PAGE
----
organization also offers symposia, a listserv, an online journal, online presentations, and networking opportunities. In addition some specialty organizations, such as the American Academy of Family Practice (AAFP) and the American College of Physicians (ACP), sponsor online informatics-related resources for their members.

Clinicians seeking more extensive training may be interested in a certifi cate or masters degree program in medical informatics or public health informatics. Increasing numbers of these programs are available in part or almost completely online, making them accessible to working professionals. Tanu Pandey, MD, practiced internal

medicine for fi ve years before enrolling in the Masters in Public Health Informatics program at the University of Illinois at Chicago. She chose the program, offered online, as a “route to expand my skills into public health, health

policy and administration, and clinical informatics.” Pandey, who “loves clinical practice too much to leave it completely,” says that enrolling in the program “was an awesome decision.” And although she doesn’t currently have any specific job in mind, she hopes her preparation will allow her to eventually combine her passion for clinical practice with her interest in IT.

Where can one find the ideal informatics job? Prospective candidates may want to start in their own backyards and explore opportunities at their current institutions. Hersh suggests resources such as AMIA’s online job bank. He also notes that headhunting firms are starting to either specialize in this area or add it to their repertoire, and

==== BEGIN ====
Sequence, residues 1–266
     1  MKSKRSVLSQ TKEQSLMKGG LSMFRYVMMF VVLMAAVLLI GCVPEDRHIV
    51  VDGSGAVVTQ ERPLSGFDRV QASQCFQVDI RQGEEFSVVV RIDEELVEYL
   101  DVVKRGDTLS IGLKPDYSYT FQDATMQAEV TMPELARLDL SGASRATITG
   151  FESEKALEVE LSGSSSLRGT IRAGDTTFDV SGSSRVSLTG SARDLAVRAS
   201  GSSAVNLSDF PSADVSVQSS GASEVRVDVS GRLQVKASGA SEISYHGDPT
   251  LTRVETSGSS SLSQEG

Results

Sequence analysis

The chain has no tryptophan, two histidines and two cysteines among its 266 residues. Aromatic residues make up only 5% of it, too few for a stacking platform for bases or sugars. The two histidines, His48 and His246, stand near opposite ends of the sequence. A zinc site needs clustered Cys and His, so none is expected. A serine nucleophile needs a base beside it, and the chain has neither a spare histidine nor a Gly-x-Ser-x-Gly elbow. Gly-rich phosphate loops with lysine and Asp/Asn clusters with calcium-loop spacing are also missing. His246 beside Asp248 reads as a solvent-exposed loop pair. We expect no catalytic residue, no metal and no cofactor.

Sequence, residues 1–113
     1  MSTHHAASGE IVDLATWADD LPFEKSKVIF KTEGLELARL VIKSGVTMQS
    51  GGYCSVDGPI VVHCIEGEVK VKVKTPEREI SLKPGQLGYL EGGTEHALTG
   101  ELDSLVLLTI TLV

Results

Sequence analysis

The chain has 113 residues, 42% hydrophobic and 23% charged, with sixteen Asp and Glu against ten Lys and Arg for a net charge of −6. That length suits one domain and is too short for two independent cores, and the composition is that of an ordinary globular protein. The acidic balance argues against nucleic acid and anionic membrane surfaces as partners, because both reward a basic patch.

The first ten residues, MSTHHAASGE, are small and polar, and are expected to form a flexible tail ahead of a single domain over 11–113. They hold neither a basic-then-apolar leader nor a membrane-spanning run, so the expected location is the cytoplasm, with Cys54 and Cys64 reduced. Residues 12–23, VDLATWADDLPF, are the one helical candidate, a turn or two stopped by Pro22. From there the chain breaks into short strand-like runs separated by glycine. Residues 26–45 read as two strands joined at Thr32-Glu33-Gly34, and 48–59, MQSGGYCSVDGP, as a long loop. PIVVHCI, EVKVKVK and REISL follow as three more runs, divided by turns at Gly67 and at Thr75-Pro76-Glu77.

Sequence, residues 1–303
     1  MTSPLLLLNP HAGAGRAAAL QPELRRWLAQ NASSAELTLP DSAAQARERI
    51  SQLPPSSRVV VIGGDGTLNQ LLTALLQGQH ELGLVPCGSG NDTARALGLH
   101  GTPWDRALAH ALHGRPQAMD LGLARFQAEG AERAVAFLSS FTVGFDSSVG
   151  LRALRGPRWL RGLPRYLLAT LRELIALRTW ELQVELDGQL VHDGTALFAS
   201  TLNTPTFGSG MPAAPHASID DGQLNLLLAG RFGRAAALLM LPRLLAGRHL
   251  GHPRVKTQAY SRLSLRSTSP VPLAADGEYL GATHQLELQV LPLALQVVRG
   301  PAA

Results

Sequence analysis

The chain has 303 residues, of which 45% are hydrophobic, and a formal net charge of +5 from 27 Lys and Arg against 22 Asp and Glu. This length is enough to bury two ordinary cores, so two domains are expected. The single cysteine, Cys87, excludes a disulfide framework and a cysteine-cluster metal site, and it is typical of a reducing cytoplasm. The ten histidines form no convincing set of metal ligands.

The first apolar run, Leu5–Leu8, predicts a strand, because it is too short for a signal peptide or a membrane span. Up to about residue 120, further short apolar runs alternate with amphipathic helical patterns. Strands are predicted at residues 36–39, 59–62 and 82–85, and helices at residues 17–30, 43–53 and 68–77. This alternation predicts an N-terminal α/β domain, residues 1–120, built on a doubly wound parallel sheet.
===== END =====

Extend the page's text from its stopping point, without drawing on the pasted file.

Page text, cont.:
predicts that this trend will grow. Are there difficulties that a physician might anticipate when leaving clinical

practice for a job in informatics? The prospect of leaving the bedside represents a difficult dilemma for most physicians. Wessel was no exception. He took comfort from the American Medical Association’s (AMA) book, Leaving the Bedside, which helped him realize, “I wasn’t the only physician considering this.”

Wessel also mentions the ambiguous role in which informaticians may be viewed. “Other physicians may no longer see you as one of them, and IT professionals may view you as a person with authority but without any IT knowledge.” Hall found that he had to adjust to working within a “completely different workflow and environment” than when he practiced clinical medicine. “It’s definitely more of a business lifestyle than a physician

lifestyle. It’s quite different from what I had envisioned myself doing, for sure.” Hall offers the following advice to physicians considering making the move to IT: “Much of what I did in internal medicine involved delayed gratifi cation, such as reducing a patient’s risk of a myocardial infarction.Informatics is along those lines. You have to keep an eye on its promise for the future and where you’re heading.”